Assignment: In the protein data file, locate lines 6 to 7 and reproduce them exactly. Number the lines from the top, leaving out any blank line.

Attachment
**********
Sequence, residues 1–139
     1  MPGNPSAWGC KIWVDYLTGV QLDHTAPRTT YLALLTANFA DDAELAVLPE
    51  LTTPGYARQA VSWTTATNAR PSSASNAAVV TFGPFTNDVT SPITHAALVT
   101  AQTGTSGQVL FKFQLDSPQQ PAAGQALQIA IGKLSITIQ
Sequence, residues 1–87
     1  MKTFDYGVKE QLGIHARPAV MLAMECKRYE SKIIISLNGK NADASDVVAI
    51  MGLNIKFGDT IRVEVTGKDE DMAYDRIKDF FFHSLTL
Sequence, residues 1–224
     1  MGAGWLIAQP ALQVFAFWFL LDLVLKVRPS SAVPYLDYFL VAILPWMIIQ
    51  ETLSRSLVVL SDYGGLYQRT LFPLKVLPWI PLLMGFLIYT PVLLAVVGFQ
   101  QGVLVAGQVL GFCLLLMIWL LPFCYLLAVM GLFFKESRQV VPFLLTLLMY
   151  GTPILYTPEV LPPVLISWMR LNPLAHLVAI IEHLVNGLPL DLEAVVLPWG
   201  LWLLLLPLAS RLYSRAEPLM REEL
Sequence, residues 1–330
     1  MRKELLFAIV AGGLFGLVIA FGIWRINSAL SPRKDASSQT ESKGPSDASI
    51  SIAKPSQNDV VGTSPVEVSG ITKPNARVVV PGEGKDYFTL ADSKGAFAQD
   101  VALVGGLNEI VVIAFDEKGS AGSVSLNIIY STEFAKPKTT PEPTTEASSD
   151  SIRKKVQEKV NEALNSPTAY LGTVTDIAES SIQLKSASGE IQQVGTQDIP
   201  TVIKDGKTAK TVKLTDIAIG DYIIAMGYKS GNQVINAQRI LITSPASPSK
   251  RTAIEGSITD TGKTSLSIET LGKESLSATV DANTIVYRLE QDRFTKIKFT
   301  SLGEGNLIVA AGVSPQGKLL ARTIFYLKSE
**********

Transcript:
     1  MKTFDYGVKE QLGIHARPAV MLAMECKRYE SKIIISLNGK NADASDVVAI
    51  MGLNIKFGDT IRVEVTGKDE DMAYDRIKDF FFHSLTL